November 30, 2018 | David F. Coppedge

Science Is Nothing Without Integrity, cont.

This entry continues yesterday’s news about scientific integrity.

Replication Crisis

Replication failures in psychology not due to differences in study populations (Nature). Psychologists cannot just blame their replication failures on differences in the study groups. “Half of 28 attempted replications failed even under near-ideal conditions.”

Researcher discusses the the science replication crisis (Phys.org). “If there’s a central tenet that unites all of the sciences, it’s probably that scientists should approach discovery without bias and with a healthy dose of skepticism,” this article begins. “The idea is that the best way to reach the truth is to allow the facts to lead where they will, even if it’s not where you intended to go.” Sounds like a great idea. When do they start?

The Call for Openness

Time to break academic publishing’s stranglehold on research (New Scientist). Publishers have a vested interest in their power to decide what gets communicated as science. “Science journals are laughing all the way to the bank, locking the results of publicly funded research behind exorbitant paywalls,” this article complains. “A campaign to make content free must succeed.”

Scientific impact increases when researchers publish in open access and international collaboration (PLoS One). This journal may have a bias, since it is an open-access publication. One can read it and check their conclusions against the data.

No more first authors, no more last authors (Nature). Scientists desire to be first authors, so that their papers can be cited by their names, as in ‘Adams et al.’ Often, too, the last author is the most prestigious one in the group. In the day of increasing collaboration, this practice does more harm than good.

Funders flesh out details of Europe’s bold open-access plan (Nature). If Europe’s ‘Plan S’ catches on, it will bring sunshine into science, allowing all the stakeholders – including the public – to see the research. Understandably, the journals behind paywalls stand to lose money big time. This article is fair, but is quick to point out problems the plan might create. See also Science Magazine‘s take on this development.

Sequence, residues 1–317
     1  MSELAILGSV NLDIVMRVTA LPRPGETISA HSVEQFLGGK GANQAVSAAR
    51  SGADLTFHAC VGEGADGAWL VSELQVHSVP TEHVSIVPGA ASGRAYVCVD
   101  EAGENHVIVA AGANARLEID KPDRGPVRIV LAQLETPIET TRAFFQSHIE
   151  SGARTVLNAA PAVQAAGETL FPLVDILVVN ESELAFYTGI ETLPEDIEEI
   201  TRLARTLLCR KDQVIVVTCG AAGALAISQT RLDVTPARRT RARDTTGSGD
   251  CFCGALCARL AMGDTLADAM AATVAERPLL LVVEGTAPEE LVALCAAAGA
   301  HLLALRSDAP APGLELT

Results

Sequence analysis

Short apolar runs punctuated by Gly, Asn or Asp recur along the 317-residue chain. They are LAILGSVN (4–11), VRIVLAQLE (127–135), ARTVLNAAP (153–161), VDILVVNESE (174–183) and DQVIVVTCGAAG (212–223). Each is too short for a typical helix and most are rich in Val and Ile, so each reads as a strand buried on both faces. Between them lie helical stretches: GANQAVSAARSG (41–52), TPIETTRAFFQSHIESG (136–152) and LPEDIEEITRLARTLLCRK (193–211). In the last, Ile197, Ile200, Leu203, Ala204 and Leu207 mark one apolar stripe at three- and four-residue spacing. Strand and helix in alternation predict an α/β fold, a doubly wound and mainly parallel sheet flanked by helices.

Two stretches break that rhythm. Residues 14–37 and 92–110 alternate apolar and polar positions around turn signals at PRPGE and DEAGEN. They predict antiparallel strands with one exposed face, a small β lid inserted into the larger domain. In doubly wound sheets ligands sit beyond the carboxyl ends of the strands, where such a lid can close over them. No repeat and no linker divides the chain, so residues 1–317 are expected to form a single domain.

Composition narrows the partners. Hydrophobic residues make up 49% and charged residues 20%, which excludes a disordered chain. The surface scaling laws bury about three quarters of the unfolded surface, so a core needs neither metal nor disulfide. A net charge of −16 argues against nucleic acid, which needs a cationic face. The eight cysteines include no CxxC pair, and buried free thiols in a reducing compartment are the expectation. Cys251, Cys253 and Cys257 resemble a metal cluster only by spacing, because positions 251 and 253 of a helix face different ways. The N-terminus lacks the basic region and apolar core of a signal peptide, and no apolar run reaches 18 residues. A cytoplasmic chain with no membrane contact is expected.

Related Subjects

Why academia reminds me of my childhood cult (Nature). In its daily briefing, Nature noted a piece in the Washington Post about Andrew Marzoni, who ‘blew off’ a pseudo-Christian cult in his childhood only to find similar methods of mind control in academia. “No one says it aloud, but every graduate student knows: This is the price you pay for a chance to enter the sanctum of the tenure track. Follow the leader, or prepare to teach high school.”

Should All Nobel Prizes Be Canceled for a Year? (Live Science). Prizes are shiny objects the media loves, but they take eyes off of what science should be about: a search for truth. The quest for a prize can corrupt motives, and prizes often leave out worthy individuals. Since the rules only allow three winners per category, group discoveries suffer. And what about the other sciences that the Nobel Committee left out? Why should a few political leftists in Sweden be the determiners of who has made a “worthy” discovery? These are a few reasons to ask whether Nobel Prizes should not just be canceled for a year, but forever.

The Moral Machine Experiment (Nature). Researchers in this paper claim to have made progress in defining morality policies for artificial intelligence, particularly moral dilemmas that autonomous vehicles will face. Obviously, “moral” cannot be defined by the scientific method. These authors truck their assumptions about morality into their work.

Scientists struggle with confusing journal guidelines (Nature). Even if a scientist wants to do the right thing, how can he or she know what it is? This is especially a problem for researchers who do not speak English.

To dispel myths, redirect the belief, study says (Medical Xpress). The very title of this article should raise red flags. Who granted scientists the right to decide how to change other people’s beliefs, especially when they have issues of integrity and fake science themselves? Falling for bad scientific ideas is undoubtedly a problem for many people lacking discernment, but when scientists become arbiters of effective methods for changing people, their methods could feed dictatorial regimes who want to enforce conformity.

Science knowledge shifted along religious, political affiliations (Phys.org). Two social scientists at the University of Nebraska at Lincoln find that biases are hard to eradicate from research. Another sociologist says, “”Scientists hope that science is apolitical,” she said. “But we take in and code information based on our perspectives – including political ideology and religious beliefs.”